Friday, April 22nd, 2011
If you’re traveling with a baby or toddler and need to stay for a few nights at a hotel, always look into childproofing the room.
A 16-month-old girl, Jah-Nea Myles, fell from the fourth floor balcony of a hotel in Orlando yesterday before being caught by Helen Beard, a 44-year-old woman visiting from England. Jah-Nea’s mother had left her in the care of friends who didn’t notice when the toddler left the room and then managed to slip through the balcony rails.
MyFox Orlando reported hat Beard saw the child dangling from the balcony and ran to a location underneath the child before she fell. The toddler struck the third floor balcony before being caught by Beard. The child still slipped through Beard’s arms and landed on the ground, but didn’t suffer any injuries. The local hospital determined the child to be in good health and the sheriff’s captain deemed Jah-Nea’s rescue to be miraculous.
When taking a trip with your child, Parents suggests calling the hotel beforehand to ask questions and determine if it’s kid-friendly location. Ask about renting a crib or stroller, the hotel’s crib safety requirements, and any available child-friendly activities, pools, and playgrounds. Most hotels also offer free childproofing kits or will childproof the room for you upon request. Just make sure to ask. Once you’re at the hotel, look for any possible dangers such as open balconies, stairs, and railings, uncovered outlets, sharp furniture, fragile objects, loose curtain or electrical cords, and unlocked cabinets. Above all, keep your child safe no matter where you stay.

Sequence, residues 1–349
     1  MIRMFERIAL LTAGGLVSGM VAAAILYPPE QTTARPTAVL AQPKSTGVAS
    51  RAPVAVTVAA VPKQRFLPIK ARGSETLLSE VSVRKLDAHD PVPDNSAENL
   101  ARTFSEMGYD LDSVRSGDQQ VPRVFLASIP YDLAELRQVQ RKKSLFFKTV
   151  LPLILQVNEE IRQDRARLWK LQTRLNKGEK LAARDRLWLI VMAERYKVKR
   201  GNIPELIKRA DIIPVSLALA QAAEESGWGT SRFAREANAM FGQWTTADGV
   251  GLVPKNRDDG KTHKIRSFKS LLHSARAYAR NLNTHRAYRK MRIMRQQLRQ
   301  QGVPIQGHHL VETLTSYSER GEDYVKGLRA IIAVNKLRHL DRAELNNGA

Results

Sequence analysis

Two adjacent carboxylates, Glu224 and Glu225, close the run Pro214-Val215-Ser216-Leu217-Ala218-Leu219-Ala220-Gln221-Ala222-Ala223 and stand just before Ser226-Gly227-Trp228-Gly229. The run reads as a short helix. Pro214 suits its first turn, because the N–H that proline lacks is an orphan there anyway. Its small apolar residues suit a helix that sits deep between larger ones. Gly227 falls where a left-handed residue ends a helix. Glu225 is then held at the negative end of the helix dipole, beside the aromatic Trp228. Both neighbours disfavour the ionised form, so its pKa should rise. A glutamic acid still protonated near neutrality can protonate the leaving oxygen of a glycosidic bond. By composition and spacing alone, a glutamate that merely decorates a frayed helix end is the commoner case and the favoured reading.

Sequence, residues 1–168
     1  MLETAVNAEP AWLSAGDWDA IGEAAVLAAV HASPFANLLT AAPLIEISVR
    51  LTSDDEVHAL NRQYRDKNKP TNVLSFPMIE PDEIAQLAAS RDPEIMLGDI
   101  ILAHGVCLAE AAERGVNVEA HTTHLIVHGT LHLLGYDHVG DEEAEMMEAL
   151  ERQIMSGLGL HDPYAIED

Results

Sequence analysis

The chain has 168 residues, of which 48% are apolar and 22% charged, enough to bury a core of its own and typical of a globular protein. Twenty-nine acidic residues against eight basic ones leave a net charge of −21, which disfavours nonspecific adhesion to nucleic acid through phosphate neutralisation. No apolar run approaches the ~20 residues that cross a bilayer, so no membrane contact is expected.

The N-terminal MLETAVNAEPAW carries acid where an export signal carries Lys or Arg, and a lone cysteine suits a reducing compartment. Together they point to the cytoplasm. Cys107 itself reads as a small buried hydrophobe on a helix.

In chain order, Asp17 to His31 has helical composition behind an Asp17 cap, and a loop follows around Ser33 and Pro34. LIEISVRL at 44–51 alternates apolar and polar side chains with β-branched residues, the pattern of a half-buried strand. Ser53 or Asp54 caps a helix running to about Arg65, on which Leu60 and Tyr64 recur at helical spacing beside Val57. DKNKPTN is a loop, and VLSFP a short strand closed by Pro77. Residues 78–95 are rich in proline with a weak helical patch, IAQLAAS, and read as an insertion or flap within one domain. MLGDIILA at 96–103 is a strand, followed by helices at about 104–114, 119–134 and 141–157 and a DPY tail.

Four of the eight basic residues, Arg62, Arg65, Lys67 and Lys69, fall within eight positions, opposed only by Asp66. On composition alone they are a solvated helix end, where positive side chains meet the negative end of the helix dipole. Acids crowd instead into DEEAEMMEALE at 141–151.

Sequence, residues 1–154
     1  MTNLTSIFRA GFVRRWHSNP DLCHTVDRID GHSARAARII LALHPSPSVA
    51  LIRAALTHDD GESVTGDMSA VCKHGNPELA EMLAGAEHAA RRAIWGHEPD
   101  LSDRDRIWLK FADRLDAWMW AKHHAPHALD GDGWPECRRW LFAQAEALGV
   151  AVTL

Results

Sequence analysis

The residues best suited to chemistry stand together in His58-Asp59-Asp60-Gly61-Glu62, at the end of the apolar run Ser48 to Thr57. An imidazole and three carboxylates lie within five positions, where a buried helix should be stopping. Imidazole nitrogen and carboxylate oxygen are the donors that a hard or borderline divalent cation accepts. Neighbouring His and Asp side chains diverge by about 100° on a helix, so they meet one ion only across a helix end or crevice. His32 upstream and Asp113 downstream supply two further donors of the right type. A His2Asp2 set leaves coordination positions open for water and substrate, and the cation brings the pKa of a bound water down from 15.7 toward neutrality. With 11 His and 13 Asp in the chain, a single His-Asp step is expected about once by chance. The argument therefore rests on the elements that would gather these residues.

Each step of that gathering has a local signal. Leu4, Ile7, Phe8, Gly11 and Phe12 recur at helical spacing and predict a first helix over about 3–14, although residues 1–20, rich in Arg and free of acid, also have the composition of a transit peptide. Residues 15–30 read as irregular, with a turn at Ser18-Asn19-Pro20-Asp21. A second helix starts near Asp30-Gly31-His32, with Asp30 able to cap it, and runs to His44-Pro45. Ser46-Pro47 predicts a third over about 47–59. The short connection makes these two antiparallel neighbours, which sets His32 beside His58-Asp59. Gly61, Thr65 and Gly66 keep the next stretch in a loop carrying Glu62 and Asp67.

Read more about childproofing your hotel room:
Categories: GoodyBlog, Health & Safety, News, Your Child | Tags: babyproofing, childproofing, falling, family travel, Florida, Fox News, hotel, News, toddler, toddlers, tourist, Travel, travel tips
Tuesday, March 29th, 2011
Adolescent deaths overtake child mortality
Death rates among adolescents have overtaken those of young children as increasing numbers of young males are dying through violence or injury while efforts to reduce child mortality are succeeding. A study of data from 50 countries over the second half of the 20th century found that most deaths of young people were due to incidents such as car accidents or reckless behavior, with violence and suicide also key causes of death. (Yahoo)
Docs warn about teens and ‘Facebook depression’
Add “Facebook depression” to potential harms linked with social media, an influential doctors’ group warns, referring to a condition it says may affect troubled teens who obsess over the online site. Researchers disagree on whether it’s simply an extension of depression some kids feel in other circumstances, or a distinct condition linked with using the online site. But there are unique aspects of Facebook that can make it a particularly tough social landscape to navigate for kids already dealing with poor self-esteem, said Dr. Gwenn O’Keeffe, a Boston-area pediatrician and lead author of new American Academy of Pediatrics social media guidelines. (MSNBC)
Arriving as Pregnant Tourists, Leaving With American Babies
For months, officials say, this house was home to “maternity tourists,” in this case, women from China who had paid tens of thousands of dollars to deliver their babies in the United States, making the infants automatic American citizens. Officials shut down the home, sending the 10 mothers who had been living there with their babies to nearby motels. (New York Times)
In Fight for Space, Educator Takes On Charter Chain
Since last summer, an elementary school principal’s plans to open an urban school in Upper Manhattan have been met with support from the Education Department, then hurdles. (New York Times)